The failure of Virgin Orbit’s maiden attempt to launch a commercial satellite into orbit from U.K. soil in January 2022 may have spelled doom for the country’s $281 billion construction and launch industry. However, a number of companies are persevering with projects aiming to build innovative satellites and equip the country with launch facilities.
The failure of Virgin Orbit’s maiden commercial satellite launch from British soil, and the company’s subsequent filing for bankruptcy protection, may have seemed like a fatal blow for the U.K.’s nascent space sector.
But a range of companies hope to play a key role in the business of building, launching and operating satellites, a $281 billion industry which has been growing rapidly over the past decade.
Billionaire-backed companies like Elon Musk’s SpaceX, Jeff Bezos’s Blue Origin and Richard Branson’s Virgin Orbit have been revolutionizing the space industry over the last decade, which has seen advances in re-usable rockets, the deployment of thousands of small communication satellites and new launch sites opened.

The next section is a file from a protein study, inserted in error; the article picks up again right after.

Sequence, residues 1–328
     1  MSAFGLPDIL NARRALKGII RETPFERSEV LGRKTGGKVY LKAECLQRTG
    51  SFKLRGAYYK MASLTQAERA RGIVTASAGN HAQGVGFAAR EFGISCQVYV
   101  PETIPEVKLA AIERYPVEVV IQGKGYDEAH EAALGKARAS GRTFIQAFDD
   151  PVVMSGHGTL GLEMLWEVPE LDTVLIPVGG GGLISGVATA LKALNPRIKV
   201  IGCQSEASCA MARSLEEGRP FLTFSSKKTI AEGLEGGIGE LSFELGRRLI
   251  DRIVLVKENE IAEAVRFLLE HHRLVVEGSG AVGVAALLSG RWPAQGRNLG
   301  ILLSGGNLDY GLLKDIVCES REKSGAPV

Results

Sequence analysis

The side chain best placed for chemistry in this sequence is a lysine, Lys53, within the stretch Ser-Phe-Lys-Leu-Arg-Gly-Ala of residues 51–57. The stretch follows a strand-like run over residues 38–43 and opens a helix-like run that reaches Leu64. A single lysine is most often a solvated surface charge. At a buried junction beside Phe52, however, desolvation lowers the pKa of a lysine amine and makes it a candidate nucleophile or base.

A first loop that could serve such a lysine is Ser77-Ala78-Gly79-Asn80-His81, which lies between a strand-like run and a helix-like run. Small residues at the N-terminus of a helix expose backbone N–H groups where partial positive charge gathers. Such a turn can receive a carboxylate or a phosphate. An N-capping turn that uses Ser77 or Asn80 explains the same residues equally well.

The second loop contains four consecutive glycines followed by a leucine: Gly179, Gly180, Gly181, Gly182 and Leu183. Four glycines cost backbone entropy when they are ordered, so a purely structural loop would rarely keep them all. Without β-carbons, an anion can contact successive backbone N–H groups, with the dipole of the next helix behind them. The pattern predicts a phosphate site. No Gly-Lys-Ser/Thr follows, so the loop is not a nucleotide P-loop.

To find out how smaller U.K.-based firms are looking to compete, CNBC visited a spaceport being built in the far north of the Shetland Islands, an established satellite-builder and a startup aiming to see one of its re-usable satellites finally make it into space.